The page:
— a delay partly the result of the reluctance of many prospective delegate candidates to serve in light of Party discouragement. O'Brien Decl. ¶¶ 23— 25; Molinari Decl. ¶¶ 16-17, 25.

2. Obtaining Usable Walking Lists for Petition Circulators

"An accurate list of Republican voters is indispensable to a petition gathering operation. O'Brien Decl. ¶ 26. To be valuable to a circulator in the field, however, the list must be organized by congressional district (the relevant geographic unit for the Primary), and must include street address: Id. As discussed, the Republican State Committee delivered these critical walking lists to the Bush campaign. Id.; Gottes- man Decl.¶ 17.*fn5 By contrast, the McCain campaign had to overcome significant obstacles to obtain usable lists. O'Brien DecI. ¶¶ 26— 37; Molinari Decl. ¶¶ 14— 15.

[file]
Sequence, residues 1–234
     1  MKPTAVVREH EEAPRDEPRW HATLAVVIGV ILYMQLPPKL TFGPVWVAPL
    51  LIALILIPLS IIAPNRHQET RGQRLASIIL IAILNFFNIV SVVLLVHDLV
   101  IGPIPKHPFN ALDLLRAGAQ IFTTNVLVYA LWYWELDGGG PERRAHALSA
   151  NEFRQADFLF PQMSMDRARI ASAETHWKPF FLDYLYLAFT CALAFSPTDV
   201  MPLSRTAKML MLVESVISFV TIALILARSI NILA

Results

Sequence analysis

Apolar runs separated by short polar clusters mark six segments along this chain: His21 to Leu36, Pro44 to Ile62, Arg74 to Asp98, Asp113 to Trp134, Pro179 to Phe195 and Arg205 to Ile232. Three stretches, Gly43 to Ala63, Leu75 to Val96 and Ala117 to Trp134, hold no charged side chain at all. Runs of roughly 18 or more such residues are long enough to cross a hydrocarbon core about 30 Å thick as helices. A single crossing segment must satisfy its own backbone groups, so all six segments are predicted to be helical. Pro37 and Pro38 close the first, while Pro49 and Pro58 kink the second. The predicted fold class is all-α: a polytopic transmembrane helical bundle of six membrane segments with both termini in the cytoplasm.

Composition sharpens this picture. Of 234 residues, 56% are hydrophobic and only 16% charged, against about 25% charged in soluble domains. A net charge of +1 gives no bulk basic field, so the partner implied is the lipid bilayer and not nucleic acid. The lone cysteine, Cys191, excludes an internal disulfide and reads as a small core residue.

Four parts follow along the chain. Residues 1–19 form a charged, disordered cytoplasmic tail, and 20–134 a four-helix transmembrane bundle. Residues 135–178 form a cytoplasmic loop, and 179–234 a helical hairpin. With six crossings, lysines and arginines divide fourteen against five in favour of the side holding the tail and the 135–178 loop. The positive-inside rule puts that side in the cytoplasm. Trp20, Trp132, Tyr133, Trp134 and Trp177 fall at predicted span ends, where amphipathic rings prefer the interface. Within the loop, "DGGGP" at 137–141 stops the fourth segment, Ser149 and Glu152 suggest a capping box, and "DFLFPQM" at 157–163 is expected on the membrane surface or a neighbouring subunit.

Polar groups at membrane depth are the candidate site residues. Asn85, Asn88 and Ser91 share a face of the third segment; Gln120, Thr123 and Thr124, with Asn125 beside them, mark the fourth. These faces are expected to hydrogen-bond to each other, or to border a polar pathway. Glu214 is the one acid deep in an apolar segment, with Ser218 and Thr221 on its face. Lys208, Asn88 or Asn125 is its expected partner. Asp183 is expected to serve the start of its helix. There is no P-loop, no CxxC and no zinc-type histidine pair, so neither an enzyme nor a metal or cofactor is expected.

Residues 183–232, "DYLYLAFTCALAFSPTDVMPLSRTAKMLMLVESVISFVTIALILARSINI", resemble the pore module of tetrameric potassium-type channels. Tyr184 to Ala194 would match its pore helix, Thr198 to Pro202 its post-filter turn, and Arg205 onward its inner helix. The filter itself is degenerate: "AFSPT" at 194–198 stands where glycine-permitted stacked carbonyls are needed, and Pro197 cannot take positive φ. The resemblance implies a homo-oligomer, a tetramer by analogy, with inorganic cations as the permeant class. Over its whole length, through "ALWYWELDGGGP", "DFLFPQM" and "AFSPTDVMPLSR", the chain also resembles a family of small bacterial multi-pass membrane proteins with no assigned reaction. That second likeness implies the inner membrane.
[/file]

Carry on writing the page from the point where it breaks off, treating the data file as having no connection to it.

Although commercial databases are available from which walking lists can be created, such, lists are expensive (up to $45,000), and the McCain campaign initially determined that it could not justify allocating the kind of money necessary to acquire such a database. O'Brien Decl. ¶ 27. Accordingly, the campaign decided to try to obtain lists of Republican voters from the county boards of elections. This task, however, ultimately proved impracticable for the majority of congressional districts. Id. ¶¶ 27— 28. Many boards of elections insisted upon a written request, and still refused to send the requested materials immediately upon receiving such a request; others required a certified check, which caused a further delay; others refused to mail voter lists, claiming they were too voluminous; and still others told the campaign it would have to wait as many as eight to 10 days. Id. ¶ 28. The campaign estimated that purchasing all the voter lists from the county boards of elections would have cost approximately $7,000—$10,000. Id. ¶¶ 28&mdash29.*fn6 In any event, a large portion of the lists that were available from the county boards of elections contained many formatting problems. For example, the lists were typically arranged by county, not by congressional district, and each database used different informational fields and ifie formats. Id. ¶¶ 29— 31.